At the moment, transfer by air remains perhaps the only way to deliver Ukrainian specops divers to places of their missions. But it is rather a complicated and dangerous way of dropping troops. Just imagine: the divers need to land on water surface fully equipped and with their special scuba gear turned on! This intricate, highly demanding professional skill was the main subject of recent exercises conducted by the fighters of the 73rd Center.
For dropping, the specops divers use a special PV-3 parachute and a special rebtreather IDA-71P. Such parachute is used in landing on both water and land surface, but without diving equipment on. Due to technical reasons, transporting down to land surface is not carried out these days. By the way, in the 1980s parachutes of the type were used to perform record setting low-altitude jumps – from 80m in diving equipment and from 50m without the gear.
Onboard a helicopter the divers are seated wearing their closed circuit breathing gear: they inhale pure oxygen, so no air can be let into the system. Immediately before the landing a diver unclips the canopy from the suspension system, and lets it slowly sink in water in order to prevent unmasking of the landing squad.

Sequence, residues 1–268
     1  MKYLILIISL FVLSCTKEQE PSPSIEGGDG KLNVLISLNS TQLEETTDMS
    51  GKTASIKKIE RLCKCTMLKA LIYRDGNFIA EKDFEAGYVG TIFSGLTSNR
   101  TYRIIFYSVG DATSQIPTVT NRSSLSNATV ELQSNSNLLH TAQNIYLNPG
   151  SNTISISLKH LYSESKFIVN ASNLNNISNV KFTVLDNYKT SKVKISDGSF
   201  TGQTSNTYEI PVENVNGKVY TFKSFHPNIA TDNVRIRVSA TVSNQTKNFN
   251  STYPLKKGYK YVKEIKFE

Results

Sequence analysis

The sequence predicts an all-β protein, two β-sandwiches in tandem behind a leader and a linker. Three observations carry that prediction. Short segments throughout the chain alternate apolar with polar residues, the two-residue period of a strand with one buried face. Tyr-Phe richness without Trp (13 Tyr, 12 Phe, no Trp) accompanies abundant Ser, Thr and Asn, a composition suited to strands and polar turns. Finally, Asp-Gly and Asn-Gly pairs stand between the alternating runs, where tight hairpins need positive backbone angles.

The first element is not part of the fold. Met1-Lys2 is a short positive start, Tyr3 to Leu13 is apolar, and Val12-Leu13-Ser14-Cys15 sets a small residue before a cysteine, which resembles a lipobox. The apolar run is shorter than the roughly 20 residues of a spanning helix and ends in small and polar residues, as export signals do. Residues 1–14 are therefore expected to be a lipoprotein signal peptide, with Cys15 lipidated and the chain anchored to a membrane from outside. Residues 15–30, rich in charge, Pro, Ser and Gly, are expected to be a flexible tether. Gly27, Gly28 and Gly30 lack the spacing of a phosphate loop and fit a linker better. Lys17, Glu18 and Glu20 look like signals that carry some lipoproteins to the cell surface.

The IDA-71P apparatus was specially designed for specops divers in the 1970s; it ensures staying under water up to 4 hours with maximum depth of up to 20m. It could be used with stations of undersea hydroacoustic communication; also, the device could be connected to the oxygen inhalation system of the plane during high-altitude sky diving. Besides, for underwater outings, it provides connection possibilities for the nitrox system enabling to increase working depth for the divers up to 40m.
Theoretically, everything looks fine. Still in practice the equipment has several deficiencies. Parachutes PB-3 are well over their useful lifespan. As to the IDA-71, this device, in addition to being absolutely outdated, has another critical shortcoming: a chemical substance O-3 used for oxygen regeneration, is manufactured in Russia: its resources in Ukraine are limited, while foreign analogues are too costly. Besides, the substance is a dangerous chemical agent which is used for maintaining underwater gear nowhere in the world.
Ukrainian specops divers have been waiting for new equipment in service, for a long time. The gear includes breathing devices, parachute systems, underwater scooters, and high-speed boats. But even if they’re still equipped with the outdated gear they got from old Soviet times, the guys use it in full. Naturally, it implies certain share of risks, still combat training is essential!
We have continuously supported the 73rd Naval SpecOps Center with diving equipment, so today we’re pleased to see them wearing our newly bought, “volunteer” swimming suits. We are sincerely grateful to everyone of you who made this possible by means of your generous donations. Dear friends, we urge you to give us a hand in supporting another important unit, the rescue paratroopers from Naval Aviation. You can do this within the School of Military Divers initiative. Right at the moment we are raising funds for up-to-date equipment for our guys: we have described their needs in detail here. Come join in!